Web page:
The fifth leading cause of death by accident in the CSI:D sample was death by suffocation—another category that speaks more to what a coroner was called to investigate than to what people actually died from. A majority of the ‘smothering’ deaths were probably SIDS victims. In white households such cases would not have been investigated—infant mortality was relatively high in the period and a white family’s ‘dear pledges’ were often ‘recalled to God.’ But in a society where every slave child was as potentially valuable as a Lexus, infant death in the quarter was more rigorously investigated. Coupled with deep prejudices against slaves as mothers, inquests typically found that an unnamed “negro Child” was “negligently Smothered” by its mother, or that the slave child Lora was “accidentally smothered” in the family bed, or that the slave children Henry and Alcy were crushed in the night, having being “overlaid” by their parents. It is possible that such ‘negligence’ did occur among overworked and overtired slaves, and such findings were far preferable to those cases where enslaved parents were charged with infanticide.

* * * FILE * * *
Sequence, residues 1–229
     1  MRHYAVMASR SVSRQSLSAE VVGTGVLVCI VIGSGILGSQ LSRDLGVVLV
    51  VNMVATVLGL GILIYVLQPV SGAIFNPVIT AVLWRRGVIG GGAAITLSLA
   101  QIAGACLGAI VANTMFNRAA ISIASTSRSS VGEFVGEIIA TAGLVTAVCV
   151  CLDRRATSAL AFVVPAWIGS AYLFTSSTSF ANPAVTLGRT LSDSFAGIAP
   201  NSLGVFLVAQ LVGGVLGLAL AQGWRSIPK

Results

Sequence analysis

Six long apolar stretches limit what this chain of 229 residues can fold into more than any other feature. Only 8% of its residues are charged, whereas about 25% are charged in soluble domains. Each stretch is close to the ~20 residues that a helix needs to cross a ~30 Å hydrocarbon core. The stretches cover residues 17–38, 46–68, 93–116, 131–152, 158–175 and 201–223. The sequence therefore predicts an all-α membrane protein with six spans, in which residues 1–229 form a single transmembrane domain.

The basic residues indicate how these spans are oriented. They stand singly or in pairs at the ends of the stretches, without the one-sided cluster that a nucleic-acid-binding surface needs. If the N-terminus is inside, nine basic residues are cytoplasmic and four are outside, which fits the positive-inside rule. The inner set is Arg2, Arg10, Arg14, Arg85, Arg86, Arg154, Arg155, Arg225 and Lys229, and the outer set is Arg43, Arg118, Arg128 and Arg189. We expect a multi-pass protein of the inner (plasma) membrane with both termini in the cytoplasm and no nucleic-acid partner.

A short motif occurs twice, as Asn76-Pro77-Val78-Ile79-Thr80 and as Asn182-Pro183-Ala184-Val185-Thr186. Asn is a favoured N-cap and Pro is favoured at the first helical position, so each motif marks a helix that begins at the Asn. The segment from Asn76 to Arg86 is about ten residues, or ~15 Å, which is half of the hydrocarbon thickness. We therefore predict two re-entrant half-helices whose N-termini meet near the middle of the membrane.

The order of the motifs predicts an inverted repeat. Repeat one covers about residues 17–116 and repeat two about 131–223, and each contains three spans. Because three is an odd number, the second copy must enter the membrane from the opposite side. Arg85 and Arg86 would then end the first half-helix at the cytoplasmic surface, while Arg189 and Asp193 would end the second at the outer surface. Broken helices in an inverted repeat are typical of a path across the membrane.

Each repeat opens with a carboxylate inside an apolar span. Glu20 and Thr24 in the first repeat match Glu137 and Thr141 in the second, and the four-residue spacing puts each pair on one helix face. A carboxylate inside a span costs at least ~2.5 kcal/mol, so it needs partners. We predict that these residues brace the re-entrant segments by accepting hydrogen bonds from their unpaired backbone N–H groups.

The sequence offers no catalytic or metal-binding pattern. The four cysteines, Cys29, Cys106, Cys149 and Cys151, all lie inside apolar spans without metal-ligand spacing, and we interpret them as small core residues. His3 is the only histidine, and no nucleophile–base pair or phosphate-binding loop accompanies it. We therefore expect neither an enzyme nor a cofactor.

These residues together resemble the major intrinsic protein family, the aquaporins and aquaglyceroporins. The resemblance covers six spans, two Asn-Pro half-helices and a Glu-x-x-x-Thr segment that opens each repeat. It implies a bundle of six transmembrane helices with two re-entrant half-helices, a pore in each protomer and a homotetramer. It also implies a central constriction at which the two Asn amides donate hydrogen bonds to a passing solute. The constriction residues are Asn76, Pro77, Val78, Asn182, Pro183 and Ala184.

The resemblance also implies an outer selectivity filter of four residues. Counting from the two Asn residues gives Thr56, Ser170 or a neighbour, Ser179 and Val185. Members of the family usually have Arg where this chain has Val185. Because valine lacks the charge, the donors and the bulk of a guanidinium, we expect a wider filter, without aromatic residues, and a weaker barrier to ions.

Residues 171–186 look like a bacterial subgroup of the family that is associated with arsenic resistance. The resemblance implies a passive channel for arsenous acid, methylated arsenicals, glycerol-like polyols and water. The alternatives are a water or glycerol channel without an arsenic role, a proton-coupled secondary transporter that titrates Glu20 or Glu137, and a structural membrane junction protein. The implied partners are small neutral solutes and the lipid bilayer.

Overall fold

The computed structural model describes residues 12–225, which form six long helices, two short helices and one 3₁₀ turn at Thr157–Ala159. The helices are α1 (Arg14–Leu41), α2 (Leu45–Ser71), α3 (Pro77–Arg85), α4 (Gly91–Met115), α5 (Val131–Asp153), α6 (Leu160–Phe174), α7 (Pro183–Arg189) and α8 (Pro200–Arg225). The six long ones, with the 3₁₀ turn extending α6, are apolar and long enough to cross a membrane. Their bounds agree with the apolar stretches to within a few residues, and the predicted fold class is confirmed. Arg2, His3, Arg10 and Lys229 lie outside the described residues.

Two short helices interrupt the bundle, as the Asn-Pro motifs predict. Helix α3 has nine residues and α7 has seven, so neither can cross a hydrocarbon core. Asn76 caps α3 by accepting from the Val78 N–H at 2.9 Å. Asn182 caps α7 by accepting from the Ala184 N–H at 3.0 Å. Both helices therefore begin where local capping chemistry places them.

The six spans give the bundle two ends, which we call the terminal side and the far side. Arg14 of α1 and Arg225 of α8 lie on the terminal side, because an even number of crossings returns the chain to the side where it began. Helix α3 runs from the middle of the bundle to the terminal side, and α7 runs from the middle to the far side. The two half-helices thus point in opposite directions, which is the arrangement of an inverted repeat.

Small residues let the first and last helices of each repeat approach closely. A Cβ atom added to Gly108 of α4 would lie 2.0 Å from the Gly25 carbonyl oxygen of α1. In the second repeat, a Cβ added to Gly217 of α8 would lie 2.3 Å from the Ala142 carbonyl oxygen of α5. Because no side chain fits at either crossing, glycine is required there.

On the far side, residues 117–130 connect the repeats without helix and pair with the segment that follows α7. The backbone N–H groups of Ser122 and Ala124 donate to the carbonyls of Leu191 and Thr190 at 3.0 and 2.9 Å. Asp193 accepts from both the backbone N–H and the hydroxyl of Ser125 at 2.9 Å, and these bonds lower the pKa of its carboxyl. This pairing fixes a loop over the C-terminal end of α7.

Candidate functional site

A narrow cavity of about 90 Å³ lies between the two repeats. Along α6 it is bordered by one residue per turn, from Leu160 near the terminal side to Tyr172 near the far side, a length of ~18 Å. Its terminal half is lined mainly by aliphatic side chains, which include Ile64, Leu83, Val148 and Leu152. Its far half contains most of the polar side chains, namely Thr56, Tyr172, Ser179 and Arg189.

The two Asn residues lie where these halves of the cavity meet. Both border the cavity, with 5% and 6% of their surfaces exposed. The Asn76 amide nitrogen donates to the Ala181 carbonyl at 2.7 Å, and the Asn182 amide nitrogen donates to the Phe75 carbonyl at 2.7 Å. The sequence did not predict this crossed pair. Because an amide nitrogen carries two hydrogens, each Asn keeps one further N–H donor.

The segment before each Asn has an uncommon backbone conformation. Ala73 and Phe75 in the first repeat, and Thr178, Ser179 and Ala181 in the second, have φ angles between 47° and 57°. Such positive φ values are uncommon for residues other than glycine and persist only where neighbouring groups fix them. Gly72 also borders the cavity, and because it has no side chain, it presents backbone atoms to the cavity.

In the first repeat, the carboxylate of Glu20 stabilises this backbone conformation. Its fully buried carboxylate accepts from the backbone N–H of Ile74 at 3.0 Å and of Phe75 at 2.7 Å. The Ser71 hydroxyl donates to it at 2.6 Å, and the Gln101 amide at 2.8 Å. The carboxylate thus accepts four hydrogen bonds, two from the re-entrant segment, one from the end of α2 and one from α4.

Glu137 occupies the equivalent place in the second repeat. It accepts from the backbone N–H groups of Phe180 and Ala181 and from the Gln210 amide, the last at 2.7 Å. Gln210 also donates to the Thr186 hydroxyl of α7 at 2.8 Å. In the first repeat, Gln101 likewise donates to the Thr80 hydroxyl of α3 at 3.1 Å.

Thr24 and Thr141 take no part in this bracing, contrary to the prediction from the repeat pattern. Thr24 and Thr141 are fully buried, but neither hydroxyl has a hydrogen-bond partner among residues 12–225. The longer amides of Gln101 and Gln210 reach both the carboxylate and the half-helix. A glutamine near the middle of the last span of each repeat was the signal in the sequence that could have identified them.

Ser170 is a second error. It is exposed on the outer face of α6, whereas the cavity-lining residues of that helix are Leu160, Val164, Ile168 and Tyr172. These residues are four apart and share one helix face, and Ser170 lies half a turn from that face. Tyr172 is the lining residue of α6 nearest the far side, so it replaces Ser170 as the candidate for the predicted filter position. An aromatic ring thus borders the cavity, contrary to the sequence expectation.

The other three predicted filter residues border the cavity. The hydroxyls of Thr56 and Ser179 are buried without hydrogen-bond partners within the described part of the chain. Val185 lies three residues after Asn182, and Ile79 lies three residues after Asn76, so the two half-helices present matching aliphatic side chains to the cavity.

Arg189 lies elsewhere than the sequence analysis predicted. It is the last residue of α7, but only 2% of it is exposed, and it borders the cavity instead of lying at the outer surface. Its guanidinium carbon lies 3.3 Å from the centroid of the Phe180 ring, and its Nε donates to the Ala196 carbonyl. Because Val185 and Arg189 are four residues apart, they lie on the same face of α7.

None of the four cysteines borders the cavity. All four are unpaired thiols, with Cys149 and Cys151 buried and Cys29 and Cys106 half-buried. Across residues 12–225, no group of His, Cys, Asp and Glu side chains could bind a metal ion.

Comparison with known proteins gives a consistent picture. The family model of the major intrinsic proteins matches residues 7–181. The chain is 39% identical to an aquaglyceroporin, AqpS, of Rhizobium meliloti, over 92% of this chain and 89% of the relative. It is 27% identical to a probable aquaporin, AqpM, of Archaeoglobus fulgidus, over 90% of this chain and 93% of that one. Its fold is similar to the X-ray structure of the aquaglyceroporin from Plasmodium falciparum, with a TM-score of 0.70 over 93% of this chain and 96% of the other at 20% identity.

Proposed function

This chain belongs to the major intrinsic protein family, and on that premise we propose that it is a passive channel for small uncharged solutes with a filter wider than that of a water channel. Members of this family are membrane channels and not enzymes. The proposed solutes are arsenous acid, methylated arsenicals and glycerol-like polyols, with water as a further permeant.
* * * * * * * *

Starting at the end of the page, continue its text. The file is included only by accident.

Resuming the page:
The sixth leading cause of death by accident in the CSI:D sample was death by fire. Most homes in the period were made of wood. Most had fireplaces. None had a fire extinguisher. Fire was light and life, but it was also occasionally death. In 1866 a freedman named Sloan was burnt to death in a gin house. In 1890 a child named Julia Hightower wandered too close to the family fireplace. Her younger sister tried to dowse her with water to no avail.